Ah, the great outdoors. Fresh air, pine needles, toasting marshmallows on an open fire and regaling spooky stories once the sun sets. Camping is the ultimate getaway. Around 22 million Americans enjoy camping every year. That’s testament to how good an option for a break it is. We’re so cooped up indoors nowadays that heading out for an extended period of time may comes a bit of a shock to some of our systems. When you’re staying outdoors, you’re going to have to make a few fundamental changes to your routine, your behaviour and your general lifestyle.
Life can get tense when you are staying in such close proximity to others under circumstances different to those at home. But don’t worry, we’re here to help. Here’s my basic guide to camping etiquette.
Tents are cramped. No matter how big your tent, it’s almost certainly smaller than the space you have at home. Unless you’re staying in your own tent, or are a complete paragon of virtue, you’re going to be in a pretty close proximity to your tent mate. You’re going to have to be a lot more considerate than usual, or you could end up having quarrels and a horrible tension in the space that you’re staying. Nobody needs that kind of negativity. Nevermind on (what’s supposed to be) a relaxing break from the stresses at home.
So, our my rule is: be mindful of others’ personal space. This goes for those inside your tent and outside. Inside your tent, don’t hog the sleeping space. Create an area for your personal belongings and keep them within that area. Don’t mover others’ belongings without asking. Don’t leave your dirty boots on others’ sleeping bags. It’s all common sense. Be considerate. When it comes to people outside, don’t encroach on their space. Don’t pitch your tent too close to one that’s already in place. Don’t.
Travelling in an RV is more homely, so you’re likely to slip into habits you may have back at home. But try not to. It’s still a small space that you’re sharing with others, so, again, be respectful of personal space.
There are times where you can easily round up a bunch of friends, go to a camping spot and organize what food to bring. And then there are times where you can’t pack that much stuff with you as you’ll be hiking and camping out where-ever you end up at. So be selective in the choices of food you choose to carry with you but always bring a re-useable water bottle! You’d ideally want something that wont rot after a few hours if you don’t have a cooler with loads of ice. I personally like bringing rice crackers and granola bars because they’re a quick snack and wont make me feel super bloated or fat. You can precook some meals and carry them with you in reusable ziplock bags or tupperware such as pasta, chilli and baked potatoes. Here is a great site for a list of items that you can take with you (including tools that are a must) while camping.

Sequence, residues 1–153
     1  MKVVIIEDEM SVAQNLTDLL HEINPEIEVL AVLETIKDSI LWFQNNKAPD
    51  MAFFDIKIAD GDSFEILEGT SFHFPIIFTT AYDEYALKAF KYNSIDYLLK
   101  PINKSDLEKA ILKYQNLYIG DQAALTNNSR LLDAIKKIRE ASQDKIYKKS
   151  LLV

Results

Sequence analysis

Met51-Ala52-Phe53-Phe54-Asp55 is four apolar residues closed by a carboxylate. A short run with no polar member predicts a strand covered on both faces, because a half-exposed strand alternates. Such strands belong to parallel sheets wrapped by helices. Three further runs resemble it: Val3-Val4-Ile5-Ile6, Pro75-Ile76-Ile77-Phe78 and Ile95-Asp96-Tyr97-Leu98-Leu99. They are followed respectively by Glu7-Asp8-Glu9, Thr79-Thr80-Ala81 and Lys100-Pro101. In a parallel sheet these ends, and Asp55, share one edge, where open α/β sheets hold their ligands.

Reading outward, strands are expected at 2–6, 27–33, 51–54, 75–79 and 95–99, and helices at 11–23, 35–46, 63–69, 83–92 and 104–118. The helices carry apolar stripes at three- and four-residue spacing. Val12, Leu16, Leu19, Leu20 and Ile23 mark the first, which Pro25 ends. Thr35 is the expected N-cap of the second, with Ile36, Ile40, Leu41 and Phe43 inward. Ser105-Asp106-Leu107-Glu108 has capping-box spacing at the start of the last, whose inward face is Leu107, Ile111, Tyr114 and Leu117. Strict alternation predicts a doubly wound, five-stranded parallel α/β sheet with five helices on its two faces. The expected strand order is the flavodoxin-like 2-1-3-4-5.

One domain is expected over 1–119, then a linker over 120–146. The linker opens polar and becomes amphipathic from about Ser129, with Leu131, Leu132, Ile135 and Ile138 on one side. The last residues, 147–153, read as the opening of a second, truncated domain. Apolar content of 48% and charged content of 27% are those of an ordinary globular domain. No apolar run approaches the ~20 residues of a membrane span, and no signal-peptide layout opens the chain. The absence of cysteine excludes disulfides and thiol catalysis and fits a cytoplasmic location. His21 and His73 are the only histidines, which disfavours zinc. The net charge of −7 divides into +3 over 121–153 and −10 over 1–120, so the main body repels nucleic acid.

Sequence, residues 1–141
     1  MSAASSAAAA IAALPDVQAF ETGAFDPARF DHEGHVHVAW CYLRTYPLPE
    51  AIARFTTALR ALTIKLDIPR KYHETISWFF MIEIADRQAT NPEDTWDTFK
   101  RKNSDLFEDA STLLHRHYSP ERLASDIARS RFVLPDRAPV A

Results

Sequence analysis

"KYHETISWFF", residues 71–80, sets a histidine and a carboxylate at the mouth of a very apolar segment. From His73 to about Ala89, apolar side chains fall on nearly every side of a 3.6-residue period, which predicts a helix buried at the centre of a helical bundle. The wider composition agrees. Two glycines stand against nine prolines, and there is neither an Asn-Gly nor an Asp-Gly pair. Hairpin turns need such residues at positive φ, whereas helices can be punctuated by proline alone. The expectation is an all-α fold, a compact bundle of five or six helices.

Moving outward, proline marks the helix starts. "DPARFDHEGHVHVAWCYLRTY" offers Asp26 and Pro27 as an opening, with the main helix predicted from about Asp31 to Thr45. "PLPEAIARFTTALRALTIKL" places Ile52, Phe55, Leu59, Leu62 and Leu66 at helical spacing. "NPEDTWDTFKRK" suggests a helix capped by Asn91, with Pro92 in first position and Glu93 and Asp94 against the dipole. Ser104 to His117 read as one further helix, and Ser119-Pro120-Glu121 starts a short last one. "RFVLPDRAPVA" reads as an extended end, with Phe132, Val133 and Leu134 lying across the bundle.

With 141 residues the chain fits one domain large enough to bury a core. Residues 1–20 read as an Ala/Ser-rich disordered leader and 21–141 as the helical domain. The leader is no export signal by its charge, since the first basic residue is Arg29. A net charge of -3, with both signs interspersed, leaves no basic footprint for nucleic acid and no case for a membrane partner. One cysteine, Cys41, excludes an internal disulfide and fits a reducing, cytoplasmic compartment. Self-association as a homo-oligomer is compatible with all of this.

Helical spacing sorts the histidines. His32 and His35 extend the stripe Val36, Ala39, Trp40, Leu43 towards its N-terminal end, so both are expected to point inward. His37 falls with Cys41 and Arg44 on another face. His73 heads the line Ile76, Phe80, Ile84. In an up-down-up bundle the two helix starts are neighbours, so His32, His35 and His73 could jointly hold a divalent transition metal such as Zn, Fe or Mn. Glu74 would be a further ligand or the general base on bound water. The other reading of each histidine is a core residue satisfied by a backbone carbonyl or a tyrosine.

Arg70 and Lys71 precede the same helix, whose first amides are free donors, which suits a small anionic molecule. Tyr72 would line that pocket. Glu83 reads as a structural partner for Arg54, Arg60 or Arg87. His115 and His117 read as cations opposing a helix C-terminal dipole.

Tent walls are thin. Thinner than any other kind of wall, in fact. Remember that whatever you’re doing, people nearby are going to be able to hear. So, keep your volume under control. Once the sun sets, people are probably going to be trying to sleep. Monitor your voice and keep it down to whispers. If someone confronts you about the amount of noise you’re making, don’t get defensive. Be polite and respectful. Listen to their concerns and bear them in mind. There are certain issues that you might not be able to help. For example, you or those you are staying with might snore. This isn’t immediately preventable. It’s also not an act of disrespect or trouble causing. If the sound keeps your neighbours awake, simply apologise. It will be appreciated and might help to dissipate tense or awkward atmospheres in the morning.
One of the best things about camping is being in one with nature. The reason why you’re doing this is simply because you want to get away from the city life, the responsibilities at home, and technology. (Cameras are an exception). There’s so much beauty around the world we tend to forget to stop and literally smell the roses. We can be so caught up with our own day to day life sometimes we need a break to just recollect ourselves and enjoy the simple things in life. If you suffer from anxiety and depression this is the greatest thing you can do to your mental health. I personally love sleeping outdoors by a lake or a large body of water as I tend to fall asleep in comfort with the sounds of the waves and wake up to the crisp smell in the morning. If you need more proof on how amazing nature can be, one of my blogger friends Aggie takes amazing photos and write about her travel experience with a backpack and a tent – this post especially is about her trip to Zion!